Charlie Duke is the youngest of the twelve moonwalkers. I met him at the Autographica event held in Birmingham in April 2009. He is one of the most charming people you could wish to meet!
You can see him signing one of his official NASA photos for me in the photograph below.
Charles Moss Duke was born in Charlotte, North Carolina in 1935. He attended High School in Lancaster, South Carolina, and later graduated from the Admiral Farragut Academy in St. Petersburg, Florida. He joined the US Air Force in Georgia and graduated with distinction from Webb Air base in Texas in 1958. After completing advanced training on F-86
Sabre aircraft, Duke served for three years as a fighter interceptor pilot in Germany.
Charlie Duke signing my photograph
Duke graduated from the USAF Test Pilot School at Edwards Air Force Base in California in 1965, but remained there as an instructor until April 1966 when he was chosen by NASA to become one of their 19 astronauts.
He served as a member of the astronaut support crew for the Apollo 10 flight. and was the CAPCOM (capsule communicator) for Apollo 11, the flight that saw Neil Armstrong & Buzz Aldrin become the first men to set foot on the moon. He also served as backup lunar module pilot on Apollo 13 and 17.
Apollo 16 mission insignia
Charlie Duke the astronaut
The Apollo 16 astronauts were John Young (the commander), Charlie Duke (pilot of the lunar module Orion) and Thomas 'Ken' Mattingly (pilot of the command module Caspar). The mission's insignia shows an eagle perched on the top of a red, white & blue shield superimposed on a lunar surface scene. There is a gold symbol of flight across the face of the shield, similar to that on the official NASA logo.
Apollo 16 crew Thomas 'Ken' Mattingly, John Young & Charlie Duke
logo. The border surrounding the shield is a circle of 16 stars, with the crew’s surnames at the bottom. The patch was designed by NASA artist Barbara Matelski from ideas submitted by Young, Mattingly and Duke.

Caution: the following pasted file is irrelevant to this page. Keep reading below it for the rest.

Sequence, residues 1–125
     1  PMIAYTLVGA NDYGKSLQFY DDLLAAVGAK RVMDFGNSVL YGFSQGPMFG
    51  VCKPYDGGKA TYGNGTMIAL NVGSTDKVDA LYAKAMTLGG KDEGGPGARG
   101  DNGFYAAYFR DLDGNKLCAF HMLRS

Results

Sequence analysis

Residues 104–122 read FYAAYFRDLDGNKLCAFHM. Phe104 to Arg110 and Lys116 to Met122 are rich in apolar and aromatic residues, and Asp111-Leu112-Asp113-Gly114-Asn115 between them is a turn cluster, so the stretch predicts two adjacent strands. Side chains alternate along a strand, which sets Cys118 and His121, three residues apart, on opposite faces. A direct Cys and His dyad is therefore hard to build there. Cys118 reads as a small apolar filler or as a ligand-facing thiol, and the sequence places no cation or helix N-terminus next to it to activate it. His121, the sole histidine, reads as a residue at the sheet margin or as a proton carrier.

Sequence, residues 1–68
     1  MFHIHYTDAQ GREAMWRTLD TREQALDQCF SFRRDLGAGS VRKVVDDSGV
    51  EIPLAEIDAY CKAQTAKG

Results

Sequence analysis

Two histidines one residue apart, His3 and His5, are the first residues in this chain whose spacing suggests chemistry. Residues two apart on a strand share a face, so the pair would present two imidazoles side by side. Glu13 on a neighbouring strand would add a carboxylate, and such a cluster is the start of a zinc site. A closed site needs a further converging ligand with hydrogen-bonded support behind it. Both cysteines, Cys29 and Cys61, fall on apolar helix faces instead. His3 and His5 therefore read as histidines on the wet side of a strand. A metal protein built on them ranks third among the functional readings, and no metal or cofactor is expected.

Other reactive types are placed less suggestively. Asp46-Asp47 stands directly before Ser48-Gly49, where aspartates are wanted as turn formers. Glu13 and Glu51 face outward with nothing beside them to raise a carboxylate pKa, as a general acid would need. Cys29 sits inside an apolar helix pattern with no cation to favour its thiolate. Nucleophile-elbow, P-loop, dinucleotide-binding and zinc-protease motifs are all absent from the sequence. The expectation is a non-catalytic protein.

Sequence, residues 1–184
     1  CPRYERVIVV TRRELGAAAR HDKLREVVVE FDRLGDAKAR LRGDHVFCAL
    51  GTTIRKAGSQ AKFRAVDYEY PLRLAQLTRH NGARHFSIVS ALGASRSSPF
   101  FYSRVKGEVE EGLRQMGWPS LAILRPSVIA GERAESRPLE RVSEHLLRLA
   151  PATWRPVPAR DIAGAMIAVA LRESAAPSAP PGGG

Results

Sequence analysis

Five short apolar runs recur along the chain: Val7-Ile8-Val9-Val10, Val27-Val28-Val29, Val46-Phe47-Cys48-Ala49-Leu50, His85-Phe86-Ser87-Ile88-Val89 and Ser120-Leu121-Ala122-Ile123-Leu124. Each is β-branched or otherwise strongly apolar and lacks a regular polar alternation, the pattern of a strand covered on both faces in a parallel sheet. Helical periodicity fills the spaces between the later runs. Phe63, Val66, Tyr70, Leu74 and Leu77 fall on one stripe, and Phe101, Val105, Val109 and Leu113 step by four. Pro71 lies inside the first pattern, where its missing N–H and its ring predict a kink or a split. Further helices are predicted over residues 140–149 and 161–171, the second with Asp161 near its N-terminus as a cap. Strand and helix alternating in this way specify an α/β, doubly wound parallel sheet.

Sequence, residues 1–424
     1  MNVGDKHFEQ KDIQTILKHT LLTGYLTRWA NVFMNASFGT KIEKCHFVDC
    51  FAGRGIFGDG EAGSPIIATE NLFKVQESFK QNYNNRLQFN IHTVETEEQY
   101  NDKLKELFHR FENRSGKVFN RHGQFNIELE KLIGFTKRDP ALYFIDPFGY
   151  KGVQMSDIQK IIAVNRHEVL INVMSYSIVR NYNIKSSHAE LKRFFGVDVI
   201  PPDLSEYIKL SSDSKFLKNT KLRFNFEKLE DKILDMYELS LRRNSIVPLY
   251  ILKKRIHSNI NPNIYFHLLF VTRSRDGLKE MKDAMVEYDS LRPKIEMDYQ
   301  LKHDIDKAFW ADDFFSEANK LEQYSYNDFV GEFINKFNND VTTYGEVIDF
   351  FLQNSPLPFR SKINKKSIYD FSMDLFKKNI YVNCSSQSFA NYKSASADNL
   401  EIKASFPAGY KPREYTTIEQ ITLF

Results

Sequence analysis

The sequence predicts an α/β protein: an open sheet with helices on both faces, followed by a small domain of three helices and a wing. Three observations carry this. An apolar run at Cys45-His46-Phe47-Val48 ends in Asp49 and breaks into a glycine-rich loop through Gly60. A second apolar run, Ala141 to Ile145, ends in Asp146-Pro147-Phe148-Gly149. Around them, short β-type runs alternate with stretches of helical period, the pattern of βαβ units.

Apollo 16 was the tenth manned flight in the Apollo program, and the fifth mission to actually land on the Moon. It was launched from the Kennedy Space Centre on 16th April 1972, with the lunar module landing in the Descartes highland region of the moon's surface five days later.
Duke and Young's stay on the lunar surface was a record-setting total of 71 hours and 14 minutes. They each logged more than 20 hours, during moon walks on three separate days, collecting many rock and soil samples. They brought back nearly 213 lbs in total, in
Duke with the lunar rover on the Moon
Apollo 16 launches at the Kennedy Space Centre
Duke by the rim of Plum Crater
CharlieDuke with the lunar rover
Caspar as seen from the lunar module Orion
Charlie Duke salutes the American flag
Duke and Young also conducted performance tests with the lunar rover, at one time getting up to a top speed of eleven mph, which is listed in the Guinness Book of Records as the record speed for any wheeled ve
vehicle on the Moon! Whilst in orbit in the command module Caspar, Mattingly had the task of photographing an area of the moon's surface around its equator.
Before returning to Earth, Duke left two items on the moon - a photo of his family, with the message on the back, "This is the family of Astronaut Duke from Planet Earth. Landed on the
Lunar Rover and Lunar Module on the Moon
Charlie Duke left a family photo on
the Moon, April 1972" along with a commemorative medal celebrating the 25th anniversary of the US Air Force.
the Moon before returning to Earth
Apollo 16 splashes down 27th April 1972
Apollo 16 splashed down in the Pacific Ocean on 27th April 1972 following more than eleven days in space. The command module Caspar was recovered by the USS Ticonderoga, and is currently on display at the U.S. Space &
& Rocket Center, in Huntsville, Alabama.
Command module Caspar brought
aboard the rescue ship Ticonderoga
In December 1975, Duke retired from NASA to become Commander for the USAF Recruiting Service. He was promoted to Brigadier General in 1979 and retired in 1986. Since
Charlie Duke married Dorothy Claiborne in 1963, and they have two sons, Charles and Thomas, and nine grandchildren.
1976, Duke has been involved as a director of a variety of businesses including his own Charlie Duke Enterprises (which has produced two space videos). He is also much in demand as an entertaining and informative speaker, and he has appeared on many TV shows.
Dottie & Charlie Duke
Wiith sons Charles & Thomas in 1972
Charlie enjoys hunting, fishing, reading & golf, and is an active
In 1990, Charlie and Dottie published the book Moonwalker. In this, he tells, in a very frank and honest manner, how his life as an astronaut affected those around him,
Christian Lay Witness, speaking at numerous churches .
including a 25 pound rock, the largest single rock returned by any Apollo astronauts. They used their Lunar Rover to travel over some very rough terrain.
particularly his family.
Watch amazing videos of the Apollo missions on:
Charlie Duke has signed this photograph for me
Charlie Duke's Official Website:
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